11 Secrets Hidden Behind Well Known Landmarks That You Never Knew About

Painting on a wall is one thing, but art comes in all different forms, including buildings and monuments. The architects and artists responsible for designing famous landmarks have created not just masterpieces, but secret Easter eggs hidden within the landmarks themselves. Perhaps they did it as a cheeky way to keep the public guessing, or maybe they did intend for us to find out intentionally. Here are the most well-known landmarks and surprises hidden within them that you never knew about. 

1. The Sphinx and its secret chambers

This gigantic monument sits in the middle of the desert, but there’s something else you don’t know about it. Inside, the Sphinx contains multiple elaborate chambers and tunnels found on the Sphinx’s side and leading down to the base of the structure. 

2. A little police station in Trafalgar Square’s lamp post

Trafalgar Square is one of the most popular and busiest locations in London. It’s thoroughly protected and surveilled at all times, but how? Architects decided to build a secret police station in the area, hidden as an unsuspecting design aspect.

3. A hidden street beneath Charing Cross Road

When walking across Charing Cross Road, you would never guess that an even older street was hidden beneath it. It was once built over a street called Little Compton, and remnants of it are still visible as a utility tunnel covered with railings and grills along the road. 

4. Track 61, the mystery beneath The Waldorf Astoria

Wouldn’t it be bizarre to hear the sound of train tracks when spending the night in a hotel? Back in the day in NYC’s Waldorf Astoria, it actually wasn’t uncommon at all. The bottom houses the old steam trains from Manhattan’s Track 61, which is now long forgotten. 

5. Leonardo da Vinci statue’s disguised hatch

A gigantic statue of Leonardo da Vinci sits in front of the Italian airport. Somewhere in the middle of Da Vinci’s robe, the sculpture hid a secret. Creator Assen Peikov was famous for leaving Easter eggs within his masterpieces. The compartment contains parchments.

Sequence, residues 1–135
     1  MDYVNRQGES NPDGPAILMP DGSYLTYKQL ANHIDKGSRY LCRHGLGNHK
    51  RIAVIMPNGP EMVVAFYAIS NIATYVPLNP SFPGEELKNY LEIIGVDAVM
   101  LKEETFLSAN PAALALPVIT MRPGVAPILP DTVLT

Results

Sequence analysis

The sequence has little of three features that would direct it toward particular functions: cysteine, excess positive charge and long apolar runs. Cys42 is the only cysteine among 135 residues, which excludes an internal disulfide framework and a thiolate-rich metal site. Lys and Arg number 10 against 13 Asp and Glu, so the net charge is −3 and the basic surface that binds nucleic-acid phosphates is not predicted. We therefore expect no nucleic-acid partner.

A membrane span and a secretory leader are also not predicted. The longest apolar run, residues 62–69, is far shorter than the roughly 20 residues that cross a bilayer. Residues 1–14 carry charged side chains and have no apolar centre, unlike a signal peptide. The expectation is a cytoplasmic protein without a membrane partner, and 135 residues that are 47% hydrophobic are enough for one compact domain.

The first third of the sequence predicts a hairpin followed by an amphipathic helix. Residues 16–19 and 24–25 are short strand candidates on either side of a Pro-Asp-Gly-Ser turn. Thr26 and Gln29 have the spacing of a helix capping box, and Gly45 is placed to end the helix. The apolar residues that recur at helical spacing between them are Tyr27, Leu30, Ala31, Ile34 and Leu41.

6. The Cave of the Evil Spirit at Niagara Falls

One of the world’s most majestic wonders, these famous falls stretch through New York State and Canada. There’s a chasm between them in the Niagara Gorge called the Cave of the Evil Spirit. The foreboding name is due to the legend that anybody who enters the cave will continue to go on bad luck in their lives. 

7. Underground tunnels under the Roman Colosseum

This place is full of vibrant Roman history that dates centuries back. But only when archaeologists and historians scratched the surface and dug underneath did they find some insane discoveries beneath the arena floor. This includes a series of intricate tunnels known as the “hypogeum.”

8. Disneyland’s private Club 33

Disneyland is a place where everyone can have fun — but there’s also a secret level to sophisticated available members. Disney Parks contain a private club called Club 33 that’s extremely exclusive — it even has a huge waitlist of membership applicants, each of whom had to write a letter to even be considered. 

9. Gustave Eiffel’s Secret Apartment 

If you’ve heard of Paris, France, you likely know about the monument known as the Eiffel Tower which tourists flock to yearly. Designed by Gustave Eiffel, the artists himself built a small apartment for himself near the top of the tower. It was small, cozy, and furnished simply, but it did contain a grand piano — and a 1,000-foot high view. 

10. Burp Bubble Button on Buffalo Bayou

Overlooking the Buffalo Bayou off Preston Street is more than a lovely view — there’s a red button hidden in a brick pillar. If pedestrians are observant enough to notice it and brave enough to press it, they’ll see the Easter egg: a large bubble that emerges from the bayou, churning water and pushing air up to the surface. This bubble actually provides oxygen to plants and organisms in the Bayou.

11. Hidden Art Deco Tunnel beneath New Yorker Hotel

Although the New Yorker’s big red sign is often photographed, beneath that concrete on 34th street sits a real treat: the gorgeously tiled Art Deco tunnels. Thousands of people walk by this busy corner on Eighth Avenue without realizing that a tunnel runs beneath them, filled with hotel fittings, carpets, chairs, and most importantly, this striking tile.